E-scooter life-cycle emissions study recognised by jury of transport experts

Posted: 26 May 2020 |

A French scientist has won the International Transport Forum 2020 Young Researcher of the Year Award for her study on life-cycle emissions of shared e-scooters.

E-scooter life-cycle emissions study recognised by jury of transport experts

Anne de Bortoli from the University of Patras, Greece has won the 2020 Young Researcher of the Year Award of the International Transport Forum (ITF) for a study on the environmental impact of shared e-scooters.

The winner was chosen by a jury of international transport experts from 51 submissions representing 22 nationalities from five continents, and she will receive a price of €5,000.

In her winning paper, de Bortoli used a model she developed to quantify the ecological impact of the emergence of shared e-scooters in the city of Paris, France. The study found that the introduction of “free-floating” shared scooters (with no fixed stations) led to an overall increase of greenhouse gas emissions of 12,000 tonnes over the course of a year.

It also concluded, however, that the factors leading to this increased carbon footprint are highly dependent on the specific mobility patterns within a given city.

In the case of Paris, urban dwellers used e-scooters mainly to replace walking, cycling and Metro trips. Because electrified public transport in Paris is powered mostly by nuclear energy, its carbon footprint is already low, whereas in cities where public transport is more carbon-intensive, e-scooters may have a beneficial impact on the environment, the paper explained.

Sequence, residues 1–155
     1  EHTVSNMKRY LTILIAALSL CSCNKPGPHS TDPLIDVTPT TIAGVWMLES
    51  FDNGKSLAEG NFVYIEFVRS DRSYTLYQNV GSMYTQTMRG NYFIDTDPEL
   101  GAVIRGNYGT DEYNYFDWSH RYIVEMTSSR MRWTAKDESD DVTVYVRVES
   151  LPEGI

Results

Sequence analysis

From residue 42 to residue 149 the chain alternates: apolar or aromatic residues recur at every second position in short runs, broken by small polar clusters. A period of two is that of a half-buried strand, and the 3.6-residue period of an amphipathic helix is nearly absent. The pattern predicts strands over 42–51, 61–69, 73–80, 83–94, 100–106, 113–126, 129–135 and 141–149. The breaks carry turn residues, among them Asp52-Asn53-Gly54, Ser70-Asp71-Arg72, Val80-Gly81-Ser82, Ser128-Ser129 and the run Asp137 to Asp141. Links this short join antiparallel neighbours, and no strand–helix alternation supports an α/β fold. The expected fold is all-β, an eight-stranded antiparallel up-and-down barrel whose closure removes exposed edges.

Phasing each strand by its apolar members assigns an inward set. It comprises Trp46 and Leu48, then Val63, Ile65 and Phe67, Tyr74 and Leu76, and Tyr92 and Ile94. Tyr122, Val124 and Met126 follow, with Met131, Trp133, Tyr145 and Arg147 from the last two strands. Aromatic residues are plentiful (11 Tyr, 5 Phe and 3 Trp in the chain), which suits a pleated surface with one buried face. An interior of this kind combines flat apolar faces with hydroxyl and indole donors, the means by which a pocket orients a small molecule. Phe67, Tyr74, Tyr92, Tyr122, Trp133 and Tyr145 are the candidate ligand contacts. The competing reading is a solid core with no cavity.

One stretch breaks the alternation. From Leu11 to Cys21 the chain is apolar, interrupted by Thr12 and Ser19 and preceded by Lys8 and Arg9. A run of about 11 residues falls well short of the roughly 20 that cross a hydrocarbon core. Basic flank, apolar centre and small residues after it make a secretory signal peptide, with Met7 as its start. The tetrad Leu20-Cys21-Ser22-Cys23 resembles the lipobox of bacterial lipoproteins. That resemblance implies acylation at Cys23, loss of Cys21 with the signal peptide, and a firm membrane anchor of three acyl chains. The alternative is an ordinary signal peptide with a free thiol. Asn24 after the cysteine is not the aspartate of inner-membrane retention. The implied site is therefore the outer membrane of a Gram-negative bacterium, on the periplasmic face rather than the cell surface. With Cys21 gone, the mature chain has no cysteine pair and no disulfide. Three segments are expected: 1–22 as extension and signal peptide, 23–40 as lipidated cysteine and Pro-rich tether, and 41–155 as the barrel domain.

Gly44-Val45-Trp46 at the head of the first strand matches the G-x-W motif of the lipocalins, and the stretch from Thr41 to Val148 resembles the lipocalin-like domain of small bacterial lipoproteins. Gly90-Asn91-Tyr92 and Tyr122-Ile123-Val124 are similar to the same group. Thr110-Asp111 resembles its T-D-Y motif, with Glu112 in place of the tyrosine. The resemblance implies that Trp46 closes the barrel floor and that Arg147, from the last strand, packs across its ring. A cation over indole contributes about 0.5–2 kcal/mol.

It also highlighted that operators can massively improve the environmental performance of their e-scooters by taking a life-cycle approach, and that it is not sufficient to increase the lifetime mileage of scooters. One third of the GHG emission changes due to the Parisian e-scooters’ disruption stemmed from servicing and maintenance, notably because petrol- or diesel-consuming vans were used to collect and redistribute the scooters across a city. Another third of e-scooters’ life-cycle emissions was said to be a result of their design, which uses energy-intensive aluminium and lithium-ion batteries.

de Bortoli concluded  that e-scooters definitely have a role to play in the greening of urban mobility, if the parameters are set in the right way.

ITF Secretary-General, Young-Tae Kim, said: “Many decision-makers are uncertain whether shared e-scooters will bring environmental benefits to their city. This award-winning study shows that they can indeed, and under which circumstances.

“Anne de Bortoli’s research brilliantly tackles an often-overlooked aspect, the indirect environmental impacts of transport disruptions in urban mobility. Her analysis will allow local authorities to assess the environmental benefits of micro-mobility on the basis of solid scientific evidence.”

de Bortoli said: “I am honoured to be awarded this prestigious prize, and I am even more delighted that a paper advocating for a holistic environmental appraisal of mobility caught the interest of the jury.

“We urgently need to use science-based assessments to design our public policies, to avoid preconceived ideas about what is ‘green’ or not. What is good for the environment in one particular country or city can be harmful elsewhere. 

“In this sense, we, the environmental researchers, are craftsmen of knowledge, and it is our responsibility to accompany public authorities and companies in moving towards tailor-made, and hence effective, actions.”